Monday, 30 January 2017


About five years ago a rather large tree of Common Lime, Tilia x europaea, growing on Byfield's playing fields, was cut down for, as far as I could see, no obvious reason. It left a stump about one metre high.
It would inevitably be attacked by fungi; it was just a matter of time and on a visit today it could be seen that the attack was well under way. The species involved was Trametes versicolor, aka Coriolus versicolor. The fruit body is often distinctly marked with concentric rings in brown, cream and buff , giving it the common name of Turkey Tail, but it is very variable.

Trametes versicolor attacks a tree stump. Bufield,
Northants. 30 January, 2017

In the specimens in question the fruiting bodies were fundamentally grey but with a distinct edging of white. It is extremely common and could be regarded as the most widespread of all Britain's macro-fungi clearly playing a major role in the decomposition of many woodland trees.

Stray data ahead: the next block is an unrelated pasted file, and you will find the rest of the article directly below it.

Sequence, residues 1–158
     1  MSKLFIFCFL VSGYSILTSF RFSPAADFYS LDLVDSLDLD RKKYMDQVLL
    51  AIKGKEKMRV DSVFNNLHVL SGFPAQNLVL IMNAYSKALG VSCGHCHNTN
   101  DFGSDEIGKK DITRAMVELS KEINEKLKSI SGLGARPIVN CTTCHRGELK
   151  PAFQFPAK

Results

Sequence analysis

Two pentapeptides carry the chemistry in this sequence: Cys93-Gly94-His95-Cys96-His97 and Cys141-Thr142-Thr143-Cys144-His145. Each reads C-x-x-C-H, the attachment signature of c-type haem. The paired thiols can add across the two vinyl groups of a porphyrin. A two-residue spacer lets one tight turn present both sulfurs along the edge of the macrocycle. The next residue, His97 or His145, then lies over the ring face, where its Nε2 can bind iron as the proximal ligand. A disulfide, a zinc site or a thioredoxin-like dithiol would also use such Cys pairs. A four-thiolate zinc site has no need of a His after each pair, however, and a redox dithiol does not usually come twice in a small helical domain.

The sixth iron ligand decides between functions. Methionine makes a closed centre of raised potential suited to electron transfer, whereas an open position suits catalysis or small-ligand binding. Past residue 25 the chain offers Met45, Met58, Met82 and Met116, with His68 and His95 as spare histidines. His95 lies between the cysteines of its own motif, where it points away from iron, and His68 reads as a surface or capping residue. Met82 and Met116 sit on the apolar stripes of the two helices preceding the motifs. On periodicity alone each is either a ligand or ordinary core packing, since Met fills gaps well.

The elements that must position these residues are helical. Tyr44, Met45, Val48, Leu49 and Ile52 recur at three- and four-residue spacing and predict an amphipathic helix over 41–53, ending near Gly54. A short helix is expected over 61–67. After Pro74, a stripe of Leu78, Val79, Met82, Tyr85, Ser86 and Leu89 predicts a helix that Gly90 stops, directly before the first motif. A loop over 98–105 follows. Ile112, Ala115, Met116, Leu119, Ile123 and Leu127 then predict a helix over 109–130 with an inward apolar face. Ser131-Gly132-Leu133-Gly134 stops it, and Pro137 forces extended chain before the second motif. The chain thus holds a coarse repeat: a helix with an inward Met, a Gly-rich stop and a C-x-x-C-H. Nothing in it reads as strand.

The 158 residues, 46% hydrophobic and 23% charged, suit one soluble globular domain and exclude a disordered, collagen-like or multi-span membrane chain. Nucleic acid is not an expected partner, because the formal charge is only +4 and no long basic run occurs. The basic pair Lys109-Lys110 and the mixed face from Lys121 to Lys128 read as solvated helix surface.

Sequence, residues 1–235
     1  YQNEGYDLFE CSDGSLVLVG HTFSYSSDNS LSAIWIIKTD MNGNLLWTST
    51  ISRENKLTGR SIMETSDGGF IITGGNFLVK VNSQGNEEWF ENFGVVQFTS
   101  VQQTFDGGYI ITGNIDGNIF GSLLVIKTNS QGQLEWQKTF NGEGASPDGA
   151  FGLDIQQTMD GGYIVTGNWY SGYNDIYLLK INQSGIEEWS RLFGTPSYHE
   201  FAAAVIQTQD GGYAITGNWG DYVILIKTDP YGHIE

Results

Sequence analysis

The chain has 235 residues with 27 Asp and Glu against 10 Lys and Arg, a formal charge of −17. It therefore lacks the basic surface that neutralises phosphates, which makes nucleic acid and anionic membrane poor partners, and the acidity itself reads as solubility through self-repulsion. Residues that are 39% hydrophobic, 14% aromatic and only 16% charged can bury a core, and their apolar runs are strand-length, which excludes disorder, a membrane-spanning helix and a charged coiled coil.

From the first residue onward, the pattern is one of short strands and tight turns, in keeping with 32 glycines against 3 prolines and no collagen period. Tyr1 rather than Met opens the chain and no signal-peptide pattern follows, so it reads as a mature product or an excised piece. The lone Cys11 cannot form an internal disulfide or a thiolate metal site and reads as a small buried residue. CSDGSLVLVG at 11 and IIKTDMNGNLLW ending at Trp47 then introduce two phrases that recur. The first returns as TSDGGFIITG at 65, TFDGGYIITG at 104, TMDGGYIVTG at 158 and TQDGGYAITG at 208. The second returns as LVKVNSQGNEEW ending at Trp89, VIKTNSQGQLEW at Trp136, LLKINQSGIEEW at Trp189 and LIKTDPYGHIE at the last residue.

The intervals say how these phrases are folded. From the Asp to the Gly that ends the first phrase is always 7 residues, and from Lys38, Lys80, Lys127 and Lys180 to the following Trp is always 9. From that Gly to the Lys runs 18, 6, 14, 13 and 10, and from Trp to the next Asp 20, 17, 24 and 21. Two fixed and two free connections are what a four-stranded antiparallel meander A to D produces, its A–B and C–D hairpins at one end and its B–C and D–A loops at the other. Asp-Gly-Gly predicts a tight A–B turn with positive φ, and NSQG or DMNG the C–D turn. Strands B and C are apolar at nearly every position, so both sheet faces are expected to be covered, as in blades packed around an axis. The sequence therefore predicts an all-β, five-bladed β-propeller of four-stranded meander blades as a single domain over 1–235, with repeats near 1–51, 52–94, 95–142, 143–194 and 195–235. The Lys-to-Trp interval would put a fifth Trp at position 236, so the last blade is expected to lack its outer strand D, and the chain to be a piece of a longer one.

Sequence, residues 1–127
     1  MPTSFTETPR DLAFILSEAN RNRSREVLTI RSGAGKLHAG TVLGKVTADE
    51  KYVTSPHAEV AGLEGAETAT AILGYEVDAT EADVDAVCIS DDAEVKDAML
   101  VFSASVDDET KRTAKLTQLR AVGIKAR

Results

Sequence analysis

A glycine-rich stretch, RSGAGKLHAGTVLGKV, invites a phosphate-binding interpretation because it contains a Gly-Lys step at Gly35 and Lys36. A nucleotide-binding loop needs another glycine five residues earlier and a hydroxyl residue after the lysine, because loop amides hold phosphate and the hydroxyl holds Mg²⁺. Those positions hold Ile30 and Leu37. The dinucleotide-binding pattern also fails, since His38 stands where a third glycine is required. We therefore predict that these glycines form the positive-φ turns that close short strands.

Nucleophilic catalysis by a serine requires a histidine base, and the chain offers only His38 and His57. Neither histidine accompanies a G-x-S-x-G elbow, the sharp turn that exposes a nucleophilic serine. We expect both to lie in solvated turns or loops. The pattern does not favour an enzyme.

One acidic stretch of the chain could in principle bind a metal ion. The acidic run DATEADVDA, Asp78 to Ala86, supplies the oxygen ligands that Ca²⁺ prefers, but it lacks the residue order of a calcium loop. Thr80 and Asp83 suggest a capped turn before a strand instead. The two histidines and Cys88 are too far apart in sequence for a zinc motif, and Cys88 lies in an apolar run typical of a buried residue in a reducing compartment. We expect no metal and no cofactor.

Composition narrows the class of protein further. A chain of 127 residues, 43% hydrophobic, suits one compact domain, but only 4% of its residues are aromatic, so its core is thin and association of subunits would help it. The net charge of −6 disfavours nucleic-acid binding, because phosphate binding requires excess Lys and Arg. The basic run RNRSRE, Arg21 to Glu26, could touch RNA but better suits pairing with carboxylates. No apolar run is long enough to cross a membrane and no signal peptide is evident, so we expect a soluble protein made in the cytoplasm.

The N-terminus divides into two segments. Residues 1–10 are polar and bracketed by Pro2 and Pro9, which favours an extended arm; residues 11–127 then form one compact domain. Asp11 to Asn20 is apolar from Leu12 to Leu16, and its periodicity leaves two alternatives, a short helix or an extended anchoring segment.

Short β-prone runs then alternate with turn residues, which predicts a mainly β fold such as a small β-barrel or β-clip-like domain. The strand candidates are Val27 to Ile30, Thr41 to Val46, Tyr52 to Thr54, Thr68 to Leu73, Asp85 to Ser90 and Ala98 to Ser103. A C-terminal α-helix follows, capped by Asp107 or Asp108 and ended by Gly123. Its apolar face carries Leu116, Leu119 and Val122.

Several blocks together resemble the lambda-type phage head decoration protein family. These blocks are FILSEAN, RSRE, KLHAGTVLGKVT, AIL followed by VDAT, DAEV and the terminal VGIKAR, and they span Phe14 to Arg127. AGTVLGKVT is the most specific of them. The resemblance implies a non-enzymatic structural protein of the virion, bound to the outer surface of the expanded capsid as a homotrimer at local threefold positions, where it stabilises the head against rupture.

Its common name of Turkey-tail is often appropriate but
not in this case.

But chemicals contained within this fungus are also under investigation for the prevention of cancer recurrence.
On a completely different issue I noticed that the berries of Stinking Gladdon, Iris foetidissima, growing nearby, appeared to be untouched. Although we have only had one snowfall this January there have been some very sharp frosts.
Stinking Gladdon, aka roast Beef Plant. Byfield, Northants.
30 January, 2017
The berries of this iris are, with their bright orange-red colour, clearly designed to attract birds and this dispersal strategy seems very effective, with plants widely scattered both in Byfield and in Daventry. Nevertheless it seems clear that these berries, frosts or no frosts, are only taken after more palatable options have been exhausted. In Northamptonshire the plant is best regarded as a neophyte, in other words a plant which, though originally alien, has arrived and taken on a wild state since 1500 CE. Though a neophyte in our county it is presumed native in Southern Britain where it occurs on well-drained calcareous soils usually near the sea.

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